Because AGCA is a rare disease, guidelines for its treatment have not yet been established. When AGCA is diagnosed after emergency appendicectomy for appendicitis, it remains unclear whether additional resection should be performed and, if so, which surgical technique should be chosen. In the National Comprehensive Cancer Network (NCCN) guidelines recommend right hemicolectomy and dissection of at least 12 lymph nodes for an accurate diagnosis in tumors with features such as lymphovascular invasion or positive margins [22]. Regarding chemotherapy, the NCCN guidelines recommend that AGCA be treated according to the treatment of colon cancer [22]. The prognosis of AGCA depends on the stage and grade of the tumor. Most low-grade AGCA are included in Stage I or II, but about 1/3 will metastasize. On the other hand, 50–70% of cases of high-grade goblet cell adenocarcinoma are included in Stage IV [1]. The most common sites of AGCA metastasis are the peritoneum, the omentum, the abdominal wall, and the ovaries. The overall survival for low-grade AGCA is 84–204 months, and 60–86 months for intermediates grade. The prognosis for high grade and disseminated cases is poor, ranging from 29–45 months [1]. The high biological grade of AGCA is evidenced by a case of recurrence 9 years later despite curative resection [18]. From this considerations, postoperative adjuvant therapy should be considered in cases with unfavorable character, as recommended by the NCCN.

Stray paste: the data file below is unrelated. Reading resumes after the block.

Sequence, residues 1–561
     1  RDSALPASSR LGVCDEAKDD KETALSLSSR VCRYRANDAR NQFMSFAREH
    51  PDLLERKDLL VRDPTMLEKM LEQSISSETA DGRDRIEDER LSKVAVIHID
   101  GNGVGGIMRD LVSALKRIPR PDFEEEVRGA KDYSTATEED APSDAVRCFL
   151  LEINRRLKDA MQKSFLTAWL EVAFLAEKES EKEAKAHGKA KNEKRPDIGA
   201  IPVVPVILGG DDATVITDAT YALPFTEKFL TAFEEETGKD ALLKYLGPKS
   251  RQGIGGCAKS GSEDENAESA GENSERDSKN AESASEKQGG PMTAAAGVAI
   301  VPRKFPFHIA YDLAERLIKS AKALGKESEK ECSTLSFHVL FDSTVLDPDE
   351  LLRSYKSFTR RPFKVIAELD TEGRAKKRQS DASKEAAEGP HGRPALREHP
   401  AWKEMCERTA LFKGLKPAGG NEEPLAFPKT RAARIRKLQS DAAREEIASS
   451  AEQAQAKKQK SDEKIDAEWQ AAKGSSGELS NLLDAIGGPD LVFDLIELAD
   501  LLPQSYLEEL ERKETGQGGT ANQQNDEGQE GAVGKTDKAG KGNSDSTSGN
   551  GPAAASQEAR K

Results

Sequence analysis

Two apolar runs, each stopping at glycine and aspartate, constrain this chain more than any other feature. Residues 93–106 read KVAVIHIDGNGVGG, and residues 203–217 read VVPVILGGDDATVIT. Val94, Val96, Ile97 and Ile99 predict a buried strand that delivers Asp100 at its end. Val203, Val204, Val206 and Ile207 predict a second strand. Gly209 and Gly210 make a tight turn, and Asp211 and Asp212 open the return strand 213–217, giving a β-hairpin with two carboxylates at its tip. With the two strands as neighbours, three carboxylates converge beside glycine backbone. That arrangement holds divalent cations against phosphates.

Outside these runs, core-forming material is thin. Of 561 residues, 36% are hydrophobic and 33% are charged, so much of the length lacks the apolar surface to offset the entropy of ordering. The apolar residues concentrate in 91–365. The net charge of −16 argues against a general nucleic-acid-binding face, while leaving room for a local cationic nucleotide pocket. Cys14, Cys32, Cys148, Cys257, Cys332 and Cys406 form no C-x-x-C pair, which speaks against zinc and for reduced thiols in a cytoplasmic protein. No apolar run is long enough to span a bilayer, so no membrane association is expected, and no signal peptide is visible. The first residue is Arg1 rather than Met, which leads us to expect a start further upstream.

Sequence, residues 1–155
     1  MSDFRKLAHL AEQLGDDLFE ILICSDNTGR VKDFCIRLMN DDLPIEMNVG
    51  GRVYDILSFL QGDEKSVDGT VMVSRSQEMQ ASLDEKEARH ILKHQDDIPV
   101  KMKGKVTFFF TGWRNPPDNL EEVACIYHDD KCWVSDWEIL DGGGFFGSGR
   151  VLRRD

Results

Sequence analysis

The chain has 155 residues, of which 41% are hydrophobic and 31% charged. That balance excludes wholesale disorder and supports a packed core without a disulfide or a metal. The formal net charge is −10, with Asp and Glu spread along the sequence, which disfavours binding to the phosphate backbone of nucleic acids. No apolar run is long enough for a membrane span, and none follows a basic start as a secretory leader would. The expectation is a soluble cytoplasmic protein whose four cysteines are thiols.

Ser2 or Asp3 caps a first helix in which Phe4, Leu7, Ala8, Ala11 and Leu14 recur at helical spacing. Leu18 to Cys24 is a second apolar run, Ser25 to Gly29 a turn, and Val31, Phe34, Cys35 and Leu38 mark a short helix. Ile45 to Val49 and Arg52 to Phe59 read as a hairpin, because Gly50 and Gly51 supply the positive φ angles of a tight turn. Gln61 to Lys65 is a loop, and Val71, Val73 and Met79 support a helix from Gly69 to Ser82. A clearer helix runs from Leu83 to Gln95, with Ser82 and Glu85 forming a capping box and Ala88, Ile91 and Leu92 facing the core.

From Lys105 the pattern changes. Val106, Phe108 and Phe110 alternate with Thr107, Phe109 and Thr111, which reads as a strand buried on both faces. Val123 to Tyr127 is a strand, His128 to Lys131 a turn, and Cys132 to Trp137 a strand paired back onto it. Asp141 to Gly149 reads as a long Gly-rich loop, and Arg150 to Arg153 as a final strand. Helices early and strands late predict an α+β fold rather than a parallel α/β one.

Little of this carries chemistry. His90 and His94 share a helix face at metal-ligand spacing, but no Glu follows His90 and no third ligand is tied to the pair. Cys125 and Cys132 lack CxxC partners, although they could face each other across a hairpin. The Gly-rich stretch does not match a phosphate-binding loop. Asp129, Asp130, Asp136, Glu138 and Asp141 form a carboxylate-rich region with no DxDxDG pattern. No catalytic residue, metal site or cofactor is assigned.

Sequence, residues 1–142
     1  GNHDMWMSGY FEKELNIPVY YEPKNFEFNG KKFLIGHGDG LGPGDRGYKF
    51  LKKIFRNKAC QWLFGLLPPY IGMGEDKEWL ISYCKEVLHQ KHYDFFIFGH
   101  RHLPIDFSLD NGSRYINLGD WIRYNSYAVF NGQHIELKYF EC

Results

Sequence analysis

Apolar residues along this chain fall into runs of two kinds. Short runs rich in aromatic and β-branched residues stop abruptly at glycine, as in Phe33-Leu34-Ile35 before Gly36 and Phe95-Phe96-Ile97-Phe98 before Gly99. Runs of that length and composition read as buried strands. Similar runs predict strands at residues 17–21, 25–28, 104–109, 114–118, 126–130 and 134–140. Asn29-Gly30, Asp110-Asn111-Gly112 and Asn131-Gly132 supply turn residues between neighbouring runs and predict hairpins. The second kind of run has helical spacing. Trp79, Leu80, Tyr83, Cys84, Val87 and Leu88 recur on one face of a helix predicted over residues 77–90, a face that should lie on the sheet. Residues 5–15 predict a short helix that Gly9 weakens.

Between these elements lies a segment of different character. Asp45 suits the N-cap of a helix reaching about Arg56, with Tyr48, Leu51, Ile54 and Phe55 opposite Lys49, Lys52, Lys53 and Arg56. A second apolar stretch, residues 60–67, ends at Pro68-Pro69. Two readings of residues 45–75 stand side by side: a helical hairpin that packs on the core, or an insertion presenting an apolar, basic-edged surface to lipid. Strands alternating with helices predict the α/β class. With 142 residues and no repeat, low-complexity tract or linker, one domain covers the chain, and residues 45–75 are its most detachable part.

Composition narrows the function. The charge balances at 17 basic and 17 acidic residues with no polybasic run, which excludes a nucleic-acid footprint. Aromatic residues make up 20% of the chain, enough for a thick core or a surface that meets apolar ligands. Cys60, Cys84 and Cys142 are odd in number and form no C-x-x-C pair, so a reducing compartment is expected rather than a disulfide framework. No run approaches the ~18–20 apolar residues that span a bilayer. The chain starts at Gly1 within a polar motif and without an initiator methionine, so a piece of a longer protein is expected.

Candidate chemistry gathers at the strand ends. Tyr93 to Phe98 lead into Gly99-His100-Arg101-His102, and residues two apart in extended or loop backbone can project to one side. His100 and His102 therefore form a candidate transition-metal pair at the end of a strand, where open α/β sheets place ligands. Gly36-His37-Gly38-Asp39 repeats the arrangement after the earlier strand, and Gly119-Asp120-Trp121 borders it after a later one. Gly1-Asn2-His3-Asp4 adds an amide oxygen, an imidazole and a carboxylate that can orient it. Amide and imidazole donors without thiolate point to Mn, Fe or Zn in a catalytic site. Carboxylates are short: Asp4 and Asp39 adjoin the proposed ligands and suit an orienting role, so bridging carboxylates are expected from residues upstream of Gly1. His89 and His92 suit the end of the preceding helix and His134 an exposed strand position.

We present a case of appendiceal goblet cell adenocarcinoma, a recently defined entity in the 5th edition of the WHO classification. Due to its rarity and recent revision of the disease concept, there will be a need for considerable time to accumulate cases. Nevertheless, future consolidation of treatment methods will be necessary in the future.